- Work/Life Balance
- Culture & Values
- Career Opportunities
- Comp & Benefits
- Senior Management
I have been working at Venmo full-time (Less than a year)RecommendsPositive OutlookRecommendsPositive Outlook
When my friends see me now, they all comment that I am the happiest they've seen me, and my job at Venmo is the reason why. (And this is out of >5 jobs across many years, so this is really saying something.) Here's what's great about Venmo:
* Inclusive, open, and nonjudgmental people. They are genuinely interested in learning more about what you have to say, and are quick to invite you out for a drink just because you are in the office late at the same time. And people are encouraged to be themselves as individuals; rather than being judged, individuals are appreciated.
* Diversity of thought and backgrounds. We have people from all walks of life -- Ivy Leaguers, Hacker School alums, an ethnic smorgasbord, and a gender mix that's really rare in the tech and startup space. I think at last count, we had 30% women in technical roles, and even a higher ratio across the company. And this adds to the openness of our community.
* Autonomy with support. If you are a self-directed person, Venmo is amazing. You are given a ton of responsibility from the outset and expected to deliver. It's up to you to come up with your own deliverables, plan, and timing. There is support if you need it from your colleagues, and not many barriers to getting things done. No bureaucracy, no blockers. I should note here that I'm not on the Engineering side, where there is a bit more structure about deliverables.
* Sense of unified purpose. We are all in it together to make Venmo _the_ mobile P2P payments app. As someone who isn't on the Engineering team, I still feel part of the purpose and also am able to propose my often-naive point of view. People aren't dismissive of good ideas (or bad ones, in my case); they appreciate that you care enough to be thinking about and raising ideas.
* Great perks. I don't care about this as much, but I recognize Venmo offers amazing perks. Beyond the free food, flexible hours, flexible WFH approach, fantastic new office with beautiful views of the Hudson River, and awesome West Village location, the perks I like the most are the ones that bring the office together: Cocktail Thursdays, the nightly gatherings in the gaming room, once-monthly evenings out to local places like Fat Cat, funny events like Nacho Chip Day, Pi Day, etc.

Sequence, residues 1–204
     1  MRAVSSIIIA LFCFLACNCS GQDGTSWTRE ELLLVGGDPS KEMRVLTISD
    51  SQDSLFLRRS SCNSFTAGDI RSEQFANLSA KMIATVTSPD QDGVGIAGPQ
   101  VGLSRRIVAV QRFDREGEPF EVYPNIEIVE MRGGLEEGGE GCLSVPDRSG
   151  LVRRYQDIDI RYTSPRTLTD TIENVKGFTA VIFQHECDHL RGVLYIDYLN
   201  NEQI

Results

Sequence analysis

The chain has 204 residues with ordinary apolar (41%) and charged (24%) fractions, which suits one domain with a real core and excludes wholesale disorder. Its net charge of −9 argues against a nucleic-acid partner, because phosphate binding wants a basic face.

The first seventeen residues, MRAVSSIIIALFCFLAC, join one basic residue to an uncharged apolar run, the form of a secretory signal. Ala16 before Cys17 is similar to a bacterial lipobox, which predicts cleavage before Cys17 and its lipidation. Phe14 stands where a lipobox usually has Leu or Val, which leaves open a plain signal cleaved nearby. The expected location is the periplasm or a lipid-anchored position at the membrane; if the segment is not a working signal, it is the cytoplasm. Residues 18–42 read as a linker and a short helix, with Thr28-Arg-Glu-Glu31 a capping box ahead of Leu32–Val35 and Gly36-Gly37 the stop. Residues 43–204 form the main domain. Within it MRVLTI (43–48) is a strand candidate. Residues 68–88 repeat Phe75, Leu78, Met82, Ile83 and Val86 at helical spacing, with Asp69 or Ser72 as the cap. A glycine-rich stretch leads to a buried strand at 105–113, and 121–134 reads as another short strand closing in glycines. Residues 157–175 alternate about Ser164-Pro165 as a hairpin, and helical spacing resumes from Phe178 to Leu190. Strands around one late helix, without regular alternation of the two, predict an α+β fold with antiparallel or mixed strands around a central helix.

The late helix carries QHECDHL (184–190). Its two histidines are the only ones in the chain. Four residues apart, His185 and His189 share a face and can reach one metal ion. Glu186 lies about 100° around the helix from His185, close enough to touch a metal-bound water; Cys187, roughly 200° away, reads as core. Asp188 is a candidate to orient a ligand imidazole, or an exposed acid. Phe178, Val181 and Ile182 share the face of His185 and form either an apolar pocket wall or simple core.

Some of the cons -- which Venmo leaders are aware of and actively seeking to address -- are:
* Lots of open roles, which affects people's on-the-job learning and leads to things not getting done. We are hiring like crazy (but carefully -- don't want to disrupt our special culture), so I imagine this should get resolved by the end of this year.
* Uncertainty about how things might change with Paypal's influence. So far, there hasn't been a lot of negative stuff, mostly some neutral-to-positive changes (e.g., the new office, good compensation). But there is a sense that this could change.
* Clearer strategy beyond the next 6-12 months. We know what we need to do today and next month and this quarter, but sometimes it's hard to be sure what the overall strategy is.
***********I would say that if you aren't self-directed and able to handle regular change (e.g., to your org structure, manager, or even your role), then Venmo is not for you. We are maturing as a startup but still have a lot of flux.*************
Advice to Management
Communicate strategy more clearly to employees. Remember many of us are relatively new so don't have the context that may have been set before.
Paypal, be careful about quashing the excitement and intrinsic motivation that the Venmo team feels. Your bureaucratic processes should be re-thought and revamped with the view to get things done and serve your employees.
Getting an Interview
Getting an Interview
- No OfferNegative ExperienceAverage Interview
I applied online. The process took a week – interviewed at Venmo in April 2015.
I applied over the weekend and was contacted by a Recruiting Coordinator during the week about scheduling a phone interview.
My interview was scheduled for Wednesday but I ended up asking to re-schedule because the recruiter was late to the interview. I ended up speaking with him the following day-- I was asked pretty generic questions. At the end of the call, he said he wanted me to move forward to the next step involving an assignment with spreadsheets. I was asked to send over my availability over the next few days to do the 30 minute assignment.
I sent over my information that night and was contact over the weekend by the Recruiting Coordinator that I would not be moving forward. I was really confused since I was told over the phone that I would be moving forward– I reached out to the Recruiting Coordinator twice to clarify the situation and she never got back to me.
I understand that they could have changed their minds about me but it's bad practice that they would rescind the next steps of my interviewing process without an explanation or response. They could have had me complete the assignment and tell me otherwise afterwards. I have never had this happen to me and feel like this really tainted my candidate experience.
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